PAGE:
inancy

Kaspare Cohn Hospital where Sylvia’s child was born

At the turn of the 20th century, Eastern European Jews afflicted with tuberculosis (then called consumption) headed to Los Angeles, seeking a dry climate and clean air. Long before antibiotics were available, these lungers, as the transplants were nicknamed, arrived in droves from the East Coast and expanded the city’s Jewish population from 2,500 to 10,000 by 1910.

The local Jewish leadership in the Hebrew Benevolent and B’nai B’rith lodges grappled with the obligation to care for these ailing Jews. Hebrew Benevolent Society President Jacob Schlesinger, convinced his reluctant father-in-law, Kaspare Cohn, to help.

Cohn, a prominent businessman who founded what has since become Union Bank, converted a house he owned at 1443 Carroll Ave. in Angeleno Heights — now Echo Park — into the Kaspare Cohn Hospital. On Sept. 21, 1902, the hospital opened with eight patients and Dr. Sarah Vasen, one of Los Angeles’ first women doctors, as its medical director.

One of Los Angeles’ first suburbs, Angeleno Heights was the Beverly Hills of its day. It had the city’s largest concentration of Queen Anne homes. Unfortunately, the neighbors did not take to having patients with a contagious disease in their midst. As a result, a City Council resolution barred the facility from treating consumption. Thereafter, Kaspare Cohn Hospital opened a 50-bed tuberculosis facility on Stephenson Avenue (now Whittier Boulevard) in 1910.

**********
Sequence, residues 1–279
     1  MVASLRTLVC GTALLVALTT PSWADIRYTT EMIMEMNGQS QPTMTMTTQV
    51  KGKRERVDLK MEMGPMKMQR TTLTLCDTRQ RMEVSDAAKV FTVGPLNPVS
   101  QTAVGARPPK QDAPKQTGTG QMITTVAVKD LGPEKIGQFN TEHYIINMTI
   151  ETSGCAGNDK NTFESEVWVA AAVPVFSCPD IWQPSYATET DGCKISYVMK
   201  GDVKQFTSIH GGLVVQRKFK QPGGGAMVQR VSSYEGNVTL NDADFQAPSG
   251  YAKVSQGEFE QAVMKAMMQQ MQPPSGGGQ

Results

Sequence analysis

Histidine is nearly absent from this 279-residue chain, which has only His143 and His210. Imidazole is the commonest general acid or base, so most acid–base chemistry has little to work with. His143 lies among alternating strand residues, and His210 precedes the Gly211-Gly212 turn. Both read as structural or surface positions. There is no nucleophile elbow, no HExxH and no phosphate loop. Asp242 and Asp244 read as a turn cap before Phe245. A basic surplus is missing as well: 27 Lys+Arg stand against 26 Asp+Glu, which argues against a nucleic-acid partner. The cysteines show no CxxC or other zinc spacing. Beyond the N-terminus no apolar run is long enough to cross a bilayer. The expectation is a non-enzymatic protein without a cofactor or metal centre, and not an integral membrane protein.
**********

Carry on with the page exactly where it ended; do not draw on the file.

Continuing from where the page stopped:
The new hospital was twofold in its significance to the Jewish community. Not only was the hospital treating Jews with tuberculosis, but it was also haven for Jewish physicians.

Kaspare Cohn Hospital eventually moved to Fountain Avenue in Hollywood in 1930. At the request of Cohn’s heirs, the hospital changed its name to the neutral-sounding Cedars of Lebanon in order to raise funds in the broader community. The new name was a biblical reference to the curative properties of Lebanese cedar branches.

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